(Pocket-lint) - SingStar’s popularity on the PS2 meant that similar themed titles on other consoles were never going to be too far away. Boogie isn’t some mere rip-off however. Not like the recent In2Games decision to blatantly steal the Wii’s innovative control method, and cram it onto the PS2 anyway.
Each copy of Boogie comes with the expected microphone attachment to sing into, to your heart's content. But the karaoke section of Boogie is only half the joy. This time around you’ll be scored on your bottom wiggling action on the dance floor too.
Split into separate chapters, you’ll take turns between singing one of the sizey selection of tunes available, and simply dancing along. Singing, unsurprisingly, merely consists of trying to keep up with the words flowing across the screen, and hoping to keep vaguely in tune.
Dancing is a fairly simple prospect too, with visual cues showing which direction to move your Wii Remote, and your only task to move it in time with the music. Simple.
To help out, the speaker on the Wii Remote itself works as a Metronome, working with the visual representation of the beat on screen to keep you right in time with the music blaring from your TV. Keep your on-screen character moving in time with the music for a lengthy amount of time, and you’ll see your boost meter increase accordingly. Once it hits the top, a hold of the B button opens up a special dance move, with a special dance pattern to follow. Hit that correctly, and your character will perform some stunning moves, and your score will hit the heavens.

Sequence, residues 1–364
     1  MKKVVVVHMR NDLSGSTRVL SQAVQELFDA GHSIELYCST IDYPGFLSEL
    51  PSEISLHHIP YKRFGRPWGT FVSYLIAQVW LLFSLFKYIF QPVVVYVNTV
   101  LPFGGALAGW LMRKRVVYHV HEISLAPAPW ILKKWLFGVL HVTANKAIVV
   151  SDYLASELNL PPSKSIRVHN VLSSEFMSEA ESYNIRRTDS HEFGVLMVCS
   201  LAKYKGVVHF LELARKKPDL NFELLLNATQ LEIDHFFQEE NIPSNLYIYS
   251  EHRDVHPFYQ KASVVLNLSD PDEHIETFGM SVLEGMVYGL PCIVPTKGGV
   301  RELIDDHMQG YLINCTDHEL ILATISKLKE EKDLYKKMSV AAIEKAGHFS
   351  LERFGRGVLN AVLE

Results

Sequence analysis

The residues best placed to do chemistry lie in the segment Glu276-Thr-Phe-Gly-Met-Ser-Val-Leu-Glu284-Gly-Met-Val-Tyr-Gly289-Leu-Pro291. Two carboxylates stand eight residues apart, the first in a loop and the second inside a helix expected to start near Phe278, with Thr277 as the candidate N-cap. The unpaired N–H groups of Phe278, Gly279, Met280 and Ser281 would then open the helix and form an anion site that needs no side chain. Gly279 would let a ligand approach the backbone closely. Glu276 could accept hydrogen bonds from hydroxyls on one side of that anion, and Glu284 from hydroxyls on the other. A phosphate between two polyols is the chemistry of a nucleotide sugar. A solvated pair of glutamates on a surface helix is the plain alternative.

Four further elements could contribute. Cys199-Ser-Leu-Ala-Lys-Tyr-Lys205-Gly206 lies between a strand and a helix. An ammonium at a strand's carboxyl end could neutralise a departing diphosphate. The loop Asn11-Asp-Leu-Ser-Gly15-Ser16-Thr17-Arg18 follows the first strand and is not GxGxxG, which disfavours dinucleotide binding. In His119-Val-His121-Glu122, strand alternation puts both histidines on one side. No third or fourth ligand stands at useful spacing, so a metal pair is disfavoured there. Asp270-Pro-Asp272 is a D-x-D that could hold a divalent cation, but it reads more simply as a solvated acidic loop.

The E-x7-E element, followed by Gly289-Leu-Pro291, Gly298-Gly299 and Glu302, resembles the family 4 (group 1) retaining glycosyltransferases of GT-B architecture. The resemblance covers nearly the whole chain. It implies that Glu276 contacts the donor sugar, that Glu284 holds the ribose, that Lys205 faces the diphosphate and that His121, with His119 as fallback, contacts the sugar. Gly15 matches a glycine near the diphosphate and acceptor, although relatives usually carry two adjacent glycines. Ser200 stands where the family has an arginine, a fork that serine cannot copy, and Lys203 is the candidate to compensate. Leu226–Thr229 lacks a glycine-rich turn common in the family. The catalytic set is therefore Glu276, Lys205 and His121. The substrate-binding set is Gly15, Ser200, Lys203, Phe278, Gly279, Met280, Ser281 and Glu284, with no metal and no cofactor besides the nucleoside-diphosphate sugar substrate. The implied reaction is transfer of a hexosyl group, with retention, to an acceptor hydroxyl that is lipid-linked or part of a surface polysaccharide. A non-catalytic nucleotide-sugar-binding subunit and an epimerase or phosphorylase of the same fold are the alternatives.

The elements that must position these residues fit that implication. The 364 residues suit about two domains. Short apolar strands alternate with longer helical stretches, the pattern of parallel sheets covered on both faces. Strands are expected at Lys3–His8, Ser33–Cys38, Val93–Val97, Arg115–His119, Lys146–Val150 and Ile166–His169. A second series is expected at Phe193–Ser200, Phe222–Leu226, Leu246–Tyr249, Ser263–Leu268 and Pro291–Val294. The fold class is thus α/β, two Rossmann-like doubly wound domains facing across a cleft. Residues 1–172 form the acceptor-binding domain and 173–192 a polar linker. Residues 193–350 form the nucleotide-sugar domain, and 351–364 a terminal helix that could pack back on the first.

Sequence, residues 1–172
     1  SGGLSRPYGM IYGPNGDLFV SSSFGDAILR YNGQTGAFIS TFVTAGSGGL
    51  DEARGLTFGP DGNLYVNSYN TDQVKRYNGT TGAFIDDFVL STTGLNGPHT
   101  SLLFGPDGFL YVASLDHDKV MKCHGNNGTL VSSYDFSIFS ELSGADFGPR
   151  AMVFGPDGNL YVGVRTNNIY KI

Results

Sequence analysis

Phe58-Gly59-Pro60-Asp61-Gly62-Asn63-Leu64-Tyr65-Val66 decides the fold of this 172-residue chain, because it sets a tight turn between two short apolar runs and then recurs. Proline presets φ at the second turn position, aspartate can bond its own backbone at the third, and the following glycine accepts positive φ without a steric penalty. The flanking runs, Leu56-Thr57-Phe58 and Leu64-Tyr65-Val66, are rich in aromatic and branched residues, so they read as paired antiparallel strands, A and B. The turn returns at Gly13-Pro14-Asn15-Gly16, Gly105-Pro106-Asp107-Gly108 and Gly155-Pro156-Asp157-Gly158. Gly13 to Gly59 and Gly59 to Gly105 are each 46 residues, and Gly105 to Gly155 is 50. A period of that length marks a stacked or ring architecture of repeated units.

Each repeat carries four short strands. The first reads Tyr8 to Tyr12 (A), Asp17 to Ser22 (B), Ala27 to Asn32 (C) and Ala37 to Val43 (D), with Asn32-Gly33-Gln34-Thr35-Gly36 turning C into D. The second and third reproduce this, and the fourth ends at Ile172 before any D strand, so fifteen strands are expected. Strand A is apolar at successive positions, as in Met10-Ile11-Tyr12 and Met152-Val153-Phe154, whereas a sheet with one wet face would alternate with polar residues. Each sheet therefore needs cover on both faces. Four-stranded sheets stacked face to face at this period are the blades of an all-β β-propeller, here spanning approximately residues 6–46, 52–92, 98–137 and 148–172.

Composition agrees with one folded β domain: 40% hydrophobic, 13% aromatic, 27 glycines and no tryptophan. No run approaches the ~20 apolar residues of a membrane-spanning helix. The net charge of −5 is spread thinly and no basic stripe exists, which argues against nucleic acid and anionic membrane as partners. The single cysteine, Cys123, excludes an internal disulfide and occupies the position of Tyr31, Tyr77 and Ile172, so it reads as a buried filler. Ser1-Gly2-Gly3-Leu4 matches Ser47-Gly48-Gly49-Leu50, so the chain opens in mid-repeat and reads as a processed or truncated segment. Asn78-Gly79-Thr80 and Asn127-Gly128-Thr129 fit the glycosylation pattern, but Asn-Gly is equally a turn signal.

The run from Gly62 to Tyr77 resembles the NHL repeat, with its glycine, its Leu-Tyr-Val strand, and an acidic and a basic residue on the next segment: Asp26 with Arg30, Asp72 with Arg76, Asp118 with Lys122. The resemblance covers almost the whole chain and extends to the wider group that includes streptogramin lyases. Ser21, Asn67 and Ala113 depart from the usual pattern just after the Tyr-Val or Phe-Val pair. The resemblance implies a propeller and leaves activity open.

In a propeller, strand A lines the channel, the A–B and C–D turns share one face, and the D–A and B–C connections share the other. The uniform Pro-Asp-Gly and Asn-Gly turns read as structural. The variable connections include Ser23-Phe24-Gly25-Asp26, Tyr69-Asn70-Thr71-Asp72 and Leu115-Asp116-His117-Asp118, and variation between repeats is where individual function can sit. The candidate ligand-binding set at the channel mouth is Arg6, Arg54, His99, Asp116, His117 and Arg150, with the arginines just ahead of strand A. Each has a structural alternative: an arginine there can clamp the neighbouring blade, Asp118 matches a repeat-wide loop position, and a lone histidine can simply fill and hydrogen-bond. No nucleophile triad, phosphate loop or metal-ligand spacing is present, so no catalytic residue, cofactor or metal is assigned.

As fantastic as all that sounds, the reality isn’t quite as impressive. As fun as dancing along can be, it’s just as easy to simply sit in your chair and wiggle the Wii Remote a bit and achieve the highest possible scores.
Equally as big a miss is the karaoke section of the game. It’s set out very SingStar-esque, with bars equating the length and tone of each word, and the text itself flowing along the bottom of the screen. But, just like SingStar, you don’t even need to sing the real words to get your score among the very best.
Just hum along for the required length, and the correct pitch, and you’ll find things much more easier, and your score all the more heightened. Basically, any kind of noise is enough to be recognised as the real thing, and you’d have to be stony silent to manage to fail.
A stunning soundtrack would have been enough to save Boogie, but sadly, the mix here ranges from the standard karaoke tunes (It’s Raining Men, Love Shack, etc.) through to one’s only the modern pop music fans will enjoy (S.O.S, Milkshake, Let’s Get It Started, etc.). With over 35 tracks in total, there’s a hefty number there, but not even remotely enough variety to keep you enthralled for weeks on end. Where’s the guitar classics eh?
You can’t deny that Boogie is a truckload of fun, especially with a few friends and a couple of drinks down you. But with a tracklisting that’s much more suited to the younger crowd, and a dancing model that can be easily be manipulated, you can’t help but feel Boogie is missing something.
Let’s hope the inevitable sequel can improve things.